International pupils: how will the pandemic impact recruitment?

Figures suggest that the pandemic has not diminished the appeal of the independent sector, but what could the lingering impact of Covid-19 be on the sector’s ability to attract international pupils?

Home has taken on a different connotation for many since the UK entered lockdown in the spring of 2020. The perimeters of our lives have tightened. For some international students, the pandemic meant postponing the decision to study at one of Britain’s 500 or so boarding schools.

The i revealed in September that around one in 14 international pupils at British boarding schools have delayed or deferred returning to the country because of the Covid-19 pandemic. The figures come from a sample of 100 schools that belong to the Boarding Schools’ Association (BSA); while only representative, the data suggests that around 88% have returned to their UK dorms. More recent figures are not available – but given that many of those delaying their return are studying remotely, the financial impact on the international recruitment market may be far smaller than feared back in the spring.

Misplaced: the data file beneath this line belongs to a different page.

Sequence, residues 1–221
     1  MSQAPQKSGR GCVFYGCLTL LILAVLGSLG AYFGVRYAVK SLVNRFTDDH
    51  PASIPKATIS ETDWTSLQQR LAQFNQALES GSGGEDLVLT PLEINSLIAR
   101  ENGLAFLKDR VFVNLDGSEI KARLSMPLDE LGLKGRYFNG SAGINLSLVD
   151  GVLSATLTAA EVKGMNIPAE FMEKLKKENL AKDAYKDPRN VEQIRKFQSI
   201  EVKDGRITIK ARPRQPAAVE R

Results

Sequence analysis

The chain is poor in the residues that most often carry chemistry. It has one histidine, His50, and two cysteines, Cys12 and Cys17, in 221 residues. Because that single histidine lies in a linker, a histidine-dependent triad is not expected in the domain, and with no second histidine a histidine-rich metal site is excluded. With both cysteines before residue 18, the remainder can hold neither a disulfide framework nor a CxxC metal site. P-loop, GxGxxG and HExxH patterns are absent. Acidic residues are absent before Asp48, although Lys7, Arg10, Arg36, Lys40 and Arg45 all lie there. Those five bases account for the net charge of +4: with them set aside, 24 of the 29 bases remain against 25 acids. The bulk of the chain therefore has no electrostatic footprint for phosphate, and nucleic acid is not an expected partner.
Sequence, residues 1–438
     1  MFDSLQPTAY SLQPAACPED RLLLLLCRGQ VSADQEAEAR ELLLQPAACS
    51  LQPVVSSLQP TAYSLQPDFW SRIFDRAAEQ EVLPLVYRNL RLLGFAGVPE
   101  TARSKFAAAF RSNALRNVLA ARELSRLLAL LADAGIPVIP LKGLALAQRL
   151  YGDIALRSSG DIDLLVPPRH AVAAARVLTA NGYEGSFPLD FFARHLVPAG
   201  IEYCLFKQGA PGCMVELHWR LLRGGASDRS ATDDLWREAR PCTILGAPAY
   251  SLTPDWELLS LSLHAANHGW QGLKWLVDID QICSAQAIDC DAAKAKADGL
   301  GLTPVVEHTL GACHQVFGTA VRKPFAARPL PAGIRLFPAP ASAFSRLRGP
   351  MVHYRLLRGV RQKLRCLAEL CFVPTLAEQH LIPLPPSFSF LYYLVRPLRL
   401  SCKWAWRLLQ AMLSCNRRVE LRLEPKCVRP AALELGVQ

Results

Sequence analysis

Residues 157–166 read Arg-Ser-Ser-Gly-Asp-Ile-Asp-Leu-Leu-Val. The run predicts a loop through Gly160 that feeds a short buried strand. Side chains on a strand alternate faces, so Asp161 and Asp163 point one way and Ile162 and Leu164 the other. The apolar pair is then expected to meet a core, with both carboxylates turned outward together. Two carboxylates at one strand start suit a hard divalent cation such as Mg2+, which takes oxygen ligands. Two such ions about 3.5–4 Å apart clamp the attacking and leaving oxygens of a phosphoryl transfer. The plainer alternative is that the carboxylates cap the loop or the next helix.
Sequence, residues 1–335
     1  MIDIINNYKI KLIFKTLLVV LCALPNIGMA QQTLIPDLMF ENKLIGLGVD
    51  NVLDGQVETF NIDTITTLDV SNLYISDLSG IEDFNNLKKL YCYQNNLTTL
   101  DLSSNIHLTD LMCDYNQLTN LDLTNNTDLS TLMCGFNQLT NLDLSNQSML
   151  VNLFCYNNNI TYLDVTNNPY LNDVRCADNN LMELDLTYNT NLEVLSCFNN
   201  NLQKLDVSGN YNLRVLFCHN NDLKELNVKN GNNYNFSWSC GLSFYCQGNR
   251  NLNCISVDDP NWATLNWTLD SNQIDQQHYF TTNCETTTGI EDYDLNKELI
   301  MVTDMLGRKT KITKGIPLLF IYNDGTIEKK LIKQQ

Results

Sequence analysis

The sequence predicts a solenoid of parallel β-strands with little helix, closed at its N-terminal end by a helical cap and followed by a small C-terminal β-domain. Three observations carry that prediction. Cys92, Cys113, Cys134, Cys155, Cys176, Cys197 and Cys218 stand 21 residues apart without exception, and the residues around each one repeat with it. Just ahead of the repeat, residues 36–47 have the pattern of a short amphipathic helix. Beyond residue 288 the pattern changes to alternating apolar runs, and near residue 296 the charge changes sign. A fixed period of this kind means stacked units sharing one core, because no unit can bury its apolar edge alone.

Scientific consensus has concluded that the pandemic poses a small threat to school-aged children; this has no doubt lessened parental fears about sending children to boarding school this year. An acknowledgement from the UK government in July that educational settings in England should open in September helped to project a positive, ‘open’ message about the entire sector.

But the BSA helped the sector to do much of the heavy lifting to maintain student and parent confidence in its members. The BSA published a Covid-Safe Charter that outlined best practice for preparing a secure educational environment. It also offered parents detailed assurances of the support schools would offer returning international pupils.

Schools would ensure each student would be met by a named person on arrival and ferried from drop-off to school in a direct and socially distanced way. The charter also made clear that school would not tolerate “any bullying related to the pandemic”. There were fears that the origins of the virus – and the description of the novel virus as the ‘China virus’ by the president of the United States – could encourage cases of xenophobic harassment. To help disseminate this information, BSA organised seminars with charter participants for parents of potential students.